Sunday, October 2, 2016

To Keep Her Love Alive

I once thought of Dragnet Girl (Hijosen no onna), Yasujiro Ozu's 1933 silent gangster melodrama, as the Chrysler Building of movies. However one feels about Deco, has it ever been presented on screen with such comprehensiveness, concentration and beauty? And with, at least for the first half, such a sense of loss, as if Ozu felt a need to contain and preserve it before something else took its place -- like a man in a burning house who has 10 minutes to collect the valuables.

Something more than a celebration, however, is taking place. The objects are astonishingly beautiful -- typewriters, dice, ceiling lamps, clocks, hats, mirrors, iron gym rings, blinds, Victrolas: soft light, from no apparent source, spreads across them, leaving an irregular darkness. And the objects cast no shadows, and indeed seem edge-lighted as if the light is coming from within. Yet there is something sinister, as well as holy, in the objects. The era defined by the design of Deco was also an era of Capitalist Restoration, the first of the media age -- Deco is a Fordist atmosphere: the pure, clean, smart, of-the-moment, mechanistic new order of production made stunning and opulent. Yearning and mystery, perhaps for the past when the blood had a different throb -- excluded.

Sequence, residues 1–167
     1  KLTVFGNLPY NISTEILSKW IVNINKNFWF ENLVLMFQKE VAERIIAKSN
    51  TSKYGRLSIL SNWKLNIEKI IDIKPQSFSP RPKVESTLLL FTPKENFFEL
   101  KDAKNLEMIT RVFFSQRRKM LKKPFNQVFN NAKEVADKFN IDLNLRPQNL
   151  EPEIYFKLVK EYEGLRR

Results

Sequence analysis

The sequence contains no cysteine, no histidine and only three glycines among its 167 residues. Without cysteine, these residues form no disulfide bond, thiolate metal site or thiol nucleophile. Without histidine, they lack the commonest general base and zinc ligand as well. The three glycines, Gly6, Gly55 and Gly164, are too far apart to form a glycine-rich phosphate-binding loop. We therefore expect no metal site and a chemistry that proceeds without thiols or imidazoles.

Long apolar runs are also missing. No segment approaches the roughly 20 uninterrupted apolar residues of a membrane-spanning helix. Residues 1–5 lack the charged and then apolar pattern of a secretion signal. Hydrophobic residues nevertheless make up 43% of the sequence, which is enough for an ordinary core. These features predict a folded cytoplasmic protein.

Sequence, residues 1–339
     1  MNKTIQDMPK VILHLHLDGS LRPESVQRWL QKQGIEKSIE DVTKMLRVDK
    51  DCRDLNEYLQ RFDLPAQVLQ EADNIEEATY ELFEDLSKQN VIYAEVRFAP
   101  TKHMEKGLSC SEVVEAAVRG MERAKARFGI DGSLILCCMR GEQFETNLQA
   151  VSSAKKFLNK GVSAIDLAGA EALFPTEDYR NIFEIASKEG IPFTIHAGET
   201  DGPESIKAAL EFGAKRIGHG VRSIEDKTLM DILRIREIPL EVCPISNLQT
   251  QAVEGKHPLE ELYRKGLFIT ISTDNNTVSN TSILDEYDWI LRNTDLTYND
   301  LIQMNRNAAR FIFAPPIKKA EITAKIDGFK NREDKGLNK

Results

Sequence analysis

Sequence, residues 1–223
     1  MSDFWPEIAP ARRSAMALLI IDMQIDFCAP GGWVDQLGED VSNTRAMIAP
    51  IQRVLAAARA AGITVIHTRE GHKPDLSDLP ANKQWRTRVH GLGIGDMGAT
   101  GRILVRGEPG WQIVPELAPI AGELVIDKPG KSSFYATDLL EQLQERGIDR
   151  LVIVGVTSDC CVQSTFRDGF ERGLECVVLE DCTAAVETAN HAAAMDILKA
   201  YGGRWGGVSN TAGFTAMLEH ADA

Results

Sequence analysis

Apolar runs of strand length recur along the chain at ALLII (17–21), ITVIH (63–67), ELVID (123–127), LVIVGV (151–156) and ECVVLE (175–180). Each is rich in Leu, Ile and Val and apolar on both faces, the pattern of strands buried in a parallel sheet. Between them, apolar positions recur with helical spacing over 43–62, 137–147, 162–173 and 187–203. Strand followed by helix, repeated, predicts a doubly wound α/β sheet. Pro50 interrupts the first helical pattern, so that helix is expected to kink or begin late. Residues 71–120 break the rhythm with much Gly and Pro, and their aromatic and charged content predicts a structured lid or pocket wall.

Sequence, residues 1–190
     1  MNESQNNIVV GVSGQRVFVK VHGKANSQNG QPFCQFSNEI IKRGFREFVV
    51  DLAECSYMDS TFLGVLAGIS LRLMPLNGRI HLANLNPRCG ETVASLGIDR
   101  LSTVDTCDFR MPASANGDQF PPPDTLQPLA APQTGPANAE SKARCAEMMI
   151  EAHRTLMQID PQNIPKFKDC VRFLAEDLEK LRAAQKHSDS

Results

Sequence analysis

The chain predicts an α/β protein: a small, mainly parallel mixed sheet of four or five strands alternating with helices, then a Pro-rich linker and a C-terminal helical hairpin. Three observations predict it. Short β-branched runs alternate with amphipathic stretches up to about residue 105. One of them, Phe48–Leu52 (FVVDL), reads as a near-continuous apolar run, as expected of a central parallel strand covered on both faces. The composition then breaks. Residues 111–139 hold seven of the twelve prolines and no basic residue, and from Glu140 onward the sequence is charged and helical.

Until Tanaka takes over. It is hard to connect this sassy pool-playing moll (with a backside so cute everyone seems to want to watch it) with the suffering mothers and wives and sisters from her 1940s and 50s greatness. She is so pretty here, and one doesn't think of her that way post-war. She turns the movie on its head, when she fears the loss of Joji, her lover, an ex-prizefighter now living off of Tokiko (Tanaka). His character, despite Tokiko's burning, remains to the end as abstract as the objects surrounding him (in Joji's case, a rather Frankensteinian abstraction). All the characters remain pure types, as fixed and frozen in their perfection as are the Deco objects themselves: soon-to-be Naruse's own Sumiko Mizukubo, playing the devoted sister; Hiroshi the confused and somewhat wacky brother; Yumeko Aizome, her own embodiment of astonishing slender Deco beauty. And the story is little but myths and notions of its time. Tokiko is the only force in the work who strives to bust the abstractions and settlements around her, who strives to change, who at the end shoots her lover in order to force him to not merely live in the perpetual now of externals and structures. She becomes a figure of disruption and freedom, the only force in the work that longs to become different. And she forces a work that started out in the land of Hawks and Von Sternberg, to become Bressonian. (Ten years before Bresson.)